Basic and Applied Research

Ajayi and Ertl each think quite intentionally about basic and applied research, and how their work can contribute to both.

Leveraging both qualitative (e.g., interviews, focus groups) and quantitative methods (e.g., large-scale surveys), Ertl’s work to date has been more descriptive in nature, identifying the social and cultural determinants of disparities in health among marginalized populations (e.g., Latinx immigrants, LGBTQ populations, individuals with disabilities and their caregivers, college students from minoritized backgrounds, cisgender women). She knows, though, that her findings can already inform efforts to design, implement, and evaluate culturally appropriate care and interventions. Ertl herself is about to make that pivot; her next project is focused on designing and delivering an HIV prevention intervention for Latina women in New York City. According to Ertl, this project will “build on my prior work, but move me forward in working collaboratively to be part of the solution…to help empower communities to participate in and co-create interventions to promote health.” Now that Ertl has joined the UMN Department of Psychology, she intends to shift her NYC-based work to Minnesota-based work over time, developing relationships and strong ties with local communities and organizations. Specifically, Ertl is interested in implementing community-engaged research practices to partner with communities in Minneapolis on areas of health and well-being that they identify as areas of important concern, especially related to sexual health and substance use.

Ajayi sees basic and applied research as “co-occurring…they inform one another,” and he’s particularly interested in how they dovetail. He too integrates both qualitative and quantitative methods in his research, depending on the understanding of the phenomenon (e.g., he may start with a case study, then shift to surveys and utilizing predictive models). He also conducts longitudinal research (e.g., a study that examined identity, personality, and well-being during COVID), knowing that measuring participants over time is important in terms of showing how people change. Currently, he serves as a co-principal investigator (PI) on a multi-institutional National Science Foundation grant focused on supporting low-income students in Science, Technology, Engineering, and Mathematics (STEM). In the last 2 years of the grant, he will take on the role of PI, leading the knowledge generation effort to better understand the factors underlying successful academic achievement and persistence in STEM, especially for students who come from under-resourced and economically disadvantaged backgrounds. Like Ertl, Ajayi noted that he wants to be “part of the solution,” in addition to furthering our understanding of a particular problem. Additionally, now that Ajayi has joined the UMN Department of Psychology, he intends to delve further into community-based, participatory research, in particular via a connection he is developing with a local organization that serves African American families in support of their wellness.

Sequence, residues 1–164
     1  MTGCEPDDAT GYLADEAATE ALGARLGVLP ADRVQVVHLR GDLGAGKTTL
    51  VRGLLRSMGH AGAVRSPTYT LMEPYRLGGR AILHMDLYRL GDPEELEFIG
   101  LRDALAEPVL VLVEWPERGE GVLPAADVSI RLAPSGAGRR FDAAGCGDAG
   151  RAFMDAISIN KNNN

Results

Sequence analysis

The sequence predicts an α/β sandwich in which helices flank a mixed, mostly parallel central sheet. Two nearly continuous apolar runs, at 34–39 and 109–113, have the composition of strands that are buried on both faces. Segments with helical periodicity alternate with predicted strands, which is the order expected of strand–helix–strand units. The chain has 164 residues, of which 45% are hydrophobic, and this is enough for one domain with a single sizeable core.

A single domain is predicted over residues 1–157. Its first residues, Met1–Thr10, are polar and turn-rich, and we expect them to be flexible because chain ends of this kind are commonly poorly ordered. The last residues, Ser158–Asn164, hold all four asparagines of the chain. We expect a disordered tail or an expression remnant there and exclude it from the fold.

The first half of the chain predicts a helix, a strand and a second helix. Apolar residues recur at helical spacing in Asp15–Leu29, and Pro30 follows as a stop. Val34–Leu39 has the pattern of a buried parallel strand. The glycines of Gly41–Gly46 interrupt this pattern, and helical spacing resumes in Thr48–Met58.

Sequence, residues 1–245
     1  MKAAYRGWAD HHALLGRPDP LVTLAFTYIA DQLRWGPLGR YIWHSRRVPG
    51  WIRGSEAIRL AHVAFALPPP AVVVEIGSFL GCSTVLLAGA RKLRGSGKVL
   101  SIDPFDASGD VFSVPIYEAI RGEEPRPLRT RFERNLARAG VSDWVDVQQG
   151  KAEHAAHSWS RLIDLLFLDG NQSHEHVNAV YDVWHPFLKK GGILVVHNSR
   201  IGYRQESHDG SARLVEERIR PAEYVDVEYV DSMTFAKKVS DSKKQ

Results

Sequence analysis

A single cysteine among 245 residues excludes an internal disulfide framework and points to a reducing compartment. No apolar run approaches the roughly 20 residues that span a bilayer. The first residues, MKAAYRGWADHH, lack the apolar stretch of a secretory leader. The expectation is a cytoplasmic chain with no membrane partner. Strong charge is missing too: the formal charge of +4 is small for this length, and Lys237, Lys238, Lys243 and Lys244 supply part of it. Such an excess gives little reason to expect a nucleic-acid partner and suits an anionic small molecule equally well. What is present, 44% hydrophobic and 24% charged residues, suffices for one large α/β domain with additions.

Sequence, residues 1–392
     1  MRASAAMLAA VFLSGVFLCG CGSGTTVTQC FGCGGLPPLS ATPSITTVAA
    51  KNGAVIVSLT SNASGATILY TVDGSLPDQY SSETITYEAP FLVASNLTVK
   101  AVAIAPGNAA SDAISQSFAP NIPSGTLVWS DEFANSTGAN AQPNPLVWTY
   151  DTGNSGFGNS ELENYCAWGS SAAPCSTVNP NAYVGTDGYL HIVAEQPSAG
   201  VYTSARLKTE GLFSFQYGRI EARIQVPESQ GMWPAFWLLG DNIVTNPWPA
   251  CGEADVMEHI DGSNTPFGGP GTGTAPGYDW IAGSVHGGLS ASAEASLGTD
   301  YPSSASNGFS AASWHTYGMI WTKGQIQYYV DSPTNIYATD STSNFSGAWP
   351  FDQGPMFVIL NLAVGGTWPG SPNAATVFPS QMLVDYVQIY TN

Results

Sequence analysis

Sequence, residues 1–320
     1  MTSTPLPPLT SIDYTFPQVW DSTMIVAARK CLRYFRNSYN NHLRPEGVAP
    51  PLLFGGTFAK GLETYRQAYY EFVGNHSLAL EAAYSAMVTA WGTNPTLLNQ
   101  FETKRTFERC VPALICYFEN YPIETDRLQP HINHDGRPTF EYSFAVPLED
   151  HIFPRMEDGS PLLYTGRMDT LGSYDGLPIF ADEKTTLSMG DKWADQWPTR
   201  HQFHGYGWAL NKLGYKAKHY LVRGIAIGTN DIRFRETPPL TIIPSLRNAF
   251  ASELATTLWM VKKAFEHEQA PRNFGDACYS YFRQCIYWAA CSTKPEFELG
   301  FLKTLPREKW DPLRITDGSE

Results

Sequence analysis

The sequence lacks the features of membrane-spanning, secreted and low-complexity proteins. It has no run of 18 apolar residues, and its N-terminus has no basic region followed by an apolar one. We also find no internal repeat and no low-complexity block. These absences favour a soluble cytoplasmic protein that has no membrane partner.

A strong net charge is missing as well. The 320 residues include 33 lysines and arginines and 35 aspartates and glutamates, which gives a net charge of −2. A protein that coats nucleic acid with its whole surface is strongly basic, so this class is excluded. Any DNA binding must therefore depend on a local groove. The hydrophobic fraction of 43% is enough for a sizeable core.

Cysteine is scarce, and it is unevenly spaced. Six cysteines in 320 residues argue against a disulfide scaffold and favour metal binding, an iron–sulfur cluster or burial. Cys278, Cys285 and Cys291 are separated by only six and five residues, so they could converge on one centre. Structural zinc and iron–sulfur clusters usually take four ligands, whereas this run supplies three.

Engaging with Students

Prior to joining the UMN Department of Psychology as an assistant professor, Ajayi was an assistant professor at Augsburg University, a teaching-focused institution in Minneapolis, MN. As such, while Ajayi was developing his research lab, he was also deeply involved in mentoring his students in ways that centered on their interests and encouraged their sense of belonging. He sees building meaningful and supportive relationships with students as an important part of his job; 

“...connecting with their ideas and connecting the work to their personal lives and questions…this can have a lasting impact, especially for those who don’t have family members who have done this before [attend a college or university]…Faculty are sometimes the holders of that blueprint for what college will be about…That is something I take seriously about my role. It’s about demystifying the experience for students who may or may not feel equipped to meet those demands.”

Ajayi described that he is excited to start building relationships with UMN students this fall and to continue fostering environments in which learning is co-created. He noted, “In some ways, I’m just along for the ride…providing guidance. Students feeling agency in their own learning and education is very important to me.”

Ertl too is student-centered, especially in terms of fostering their interest and enthusiasm in research. She is especially committed to supporting students with marginalized identities who may also be from underrepresented backgrounds, which is in part informed by her own experiences as a first-generation college student:

“I was someone who entered my undergraduate studies at a Research 1 institution without knowing what that meant… I did not have a basic understanding of the inherent power of research and its distinct potential to improve health and well-being at the collective level. Coming from that background, yet having great mentors and teachers who, through coursework and lab experiences, showed me what research is, what it can do to empower communities, and how I could learn to be a part of the process and come to enjoy it… that was transformational for me. I was one of the first people to get a four-year degree in my family, and I was the first to go to graduate school and receive a PhD. I’m really passionate about working with students from underrepresented backgrounds who aren’t sure if research is right for them or how they might fit in…I want to empower students to understand that research can be for everyone. It might feel inaccessible at first, but once you find a topic that you’re passionate about and find people who can support you in your efforts, those are the keys to getting meaning out of this work and to working with others to make a difference.”